As marketers, we have a tendency to focus on the importance of providing great experiences to potential customers to drive new customer acquisition. It’s important to remember, however, that providing outstanding experiences to existing customers can be even more important. This is particularly true for B2B companies that sell expensive or complex products or services that require ongoing maintenance or technical support. For example, enterprises that sell expensive industrial machinery must be especially concerned about providing their customers good experiences when it comes to maintenance and support issues.

ADAM recently hosted a webinar that explored how a manufacturer of heavy equipment used technology to provide its customers, distributors, and dealers a rich, efficient, and user-friendly way to search for and buy replacement parts and access other maintenance-related information.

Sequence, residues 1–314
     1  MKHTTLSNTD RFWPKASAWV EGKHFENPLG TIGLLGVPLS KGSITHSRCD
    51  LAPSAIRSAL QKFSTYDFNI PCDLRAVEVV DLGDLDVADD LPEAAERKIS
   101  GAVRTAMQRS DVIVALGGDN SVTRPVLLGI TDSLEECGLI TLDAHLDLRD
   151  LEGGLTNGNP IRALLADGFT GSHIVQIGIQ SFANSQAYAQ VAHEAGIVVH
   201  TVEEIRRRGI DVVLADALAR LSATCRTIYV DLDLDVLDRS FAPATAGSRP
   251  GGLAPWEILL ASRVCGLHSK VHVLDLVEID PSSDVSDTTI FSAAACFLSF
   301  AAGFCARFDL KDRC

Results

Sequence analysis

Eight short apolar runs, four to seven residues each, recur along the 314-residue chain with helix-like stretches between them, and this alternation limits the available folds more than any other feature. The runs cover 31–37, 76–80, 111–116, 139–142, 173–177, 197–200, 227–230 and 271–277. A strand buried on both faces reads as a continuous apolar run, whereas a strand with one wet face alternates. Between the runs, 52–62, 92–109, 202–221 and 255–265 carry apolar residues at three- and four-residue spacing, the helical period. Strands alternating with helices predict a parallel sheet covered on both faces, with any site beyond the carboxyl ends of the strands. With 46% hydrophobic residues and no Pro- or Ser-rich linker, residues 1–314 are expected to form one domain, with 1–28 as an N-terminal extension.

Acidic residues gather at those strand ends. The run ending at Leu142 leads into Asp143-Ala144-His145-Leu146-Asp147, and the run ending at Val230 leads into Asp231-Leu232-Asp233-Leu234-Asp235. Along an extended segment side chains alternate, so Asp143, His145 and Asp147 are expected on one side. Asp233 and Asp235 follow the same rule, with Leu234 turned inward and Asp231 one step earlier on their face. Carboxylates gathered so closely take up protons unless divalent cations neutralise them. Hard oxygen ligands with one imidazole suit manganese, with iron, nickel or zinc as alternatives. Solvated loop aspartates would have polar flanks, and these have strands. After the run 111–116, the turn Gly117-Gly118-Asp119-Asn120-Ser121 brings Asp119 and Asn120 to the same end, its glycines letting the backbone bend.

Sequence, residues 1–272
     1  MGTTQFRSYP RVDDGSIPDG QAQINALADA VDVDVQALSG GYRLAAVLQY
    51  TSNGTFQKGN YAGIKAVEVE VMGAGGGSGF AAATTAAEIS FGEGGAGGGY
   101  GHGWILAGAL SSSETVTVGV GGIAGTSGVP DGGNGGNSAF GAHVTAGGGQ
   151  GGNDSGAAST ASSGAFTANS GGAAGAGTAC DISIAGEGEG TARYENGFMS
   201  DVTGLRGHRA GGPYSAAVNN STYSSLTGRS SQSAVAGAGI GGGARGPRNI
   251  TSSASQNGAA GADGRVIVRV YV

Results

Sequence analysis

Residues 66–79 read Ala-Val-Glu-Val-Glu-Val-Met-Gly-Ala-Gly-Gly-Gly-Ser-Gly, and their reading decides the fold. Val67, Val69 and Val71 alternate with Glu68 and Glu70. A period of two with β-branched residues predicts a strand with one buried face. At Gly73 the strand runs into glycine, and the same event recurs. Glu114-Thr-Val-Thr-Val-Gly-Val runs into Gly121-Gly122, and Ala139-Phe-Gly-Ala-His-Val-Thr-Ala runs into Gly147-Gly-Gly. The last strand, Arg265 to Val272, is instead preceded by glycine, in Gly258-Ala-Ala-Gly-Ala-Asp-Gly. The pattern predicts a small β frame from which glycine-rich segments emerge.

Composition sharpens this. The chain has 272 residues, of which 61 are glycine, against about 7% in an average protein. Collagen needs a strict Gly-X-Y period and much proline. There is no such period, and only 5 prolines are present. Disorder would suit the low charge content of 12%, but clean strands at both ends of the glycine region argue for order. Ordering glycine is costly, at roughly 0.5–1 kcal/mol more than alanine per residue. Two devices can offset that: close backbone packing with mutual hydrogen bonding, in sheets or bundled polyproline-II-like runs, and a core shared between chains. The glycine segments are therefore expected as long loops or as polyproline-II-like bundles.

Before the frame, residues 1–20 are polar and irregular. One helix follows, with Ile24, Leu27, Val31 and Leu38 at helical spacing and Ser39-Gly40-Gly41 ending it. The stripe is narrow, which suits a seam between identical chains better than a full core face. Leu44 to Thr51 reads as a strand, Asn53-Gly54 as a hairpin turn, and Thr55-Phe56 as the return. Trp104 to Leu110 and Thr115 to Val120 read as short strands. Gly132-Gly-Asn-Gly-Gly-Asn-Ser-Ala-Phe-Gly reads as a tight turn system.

The webinar was presented by Jo Geeraerts, a Practice Manager at Ordina (https://www.ordina.nl/), a long-time ADAM partner. The webinar presentation described a recent project that Ordina performed for Komatsu, the Japanese manufacturer of heavy equipment for the construction, mining, and forestry industries.

Komatsu’s European Parts Distribution Center is responsible for managing the sale, distribution, and logistics pertaining to 1.8 million distinct replacement parts for its equipment. The Center serves distributors and dealers located in Europe, Africa, and the Middle East, and ships products to approximately 65 countries.

Prior to the project described in the webinar, Komatsu’s Parts Center faced several significant issues: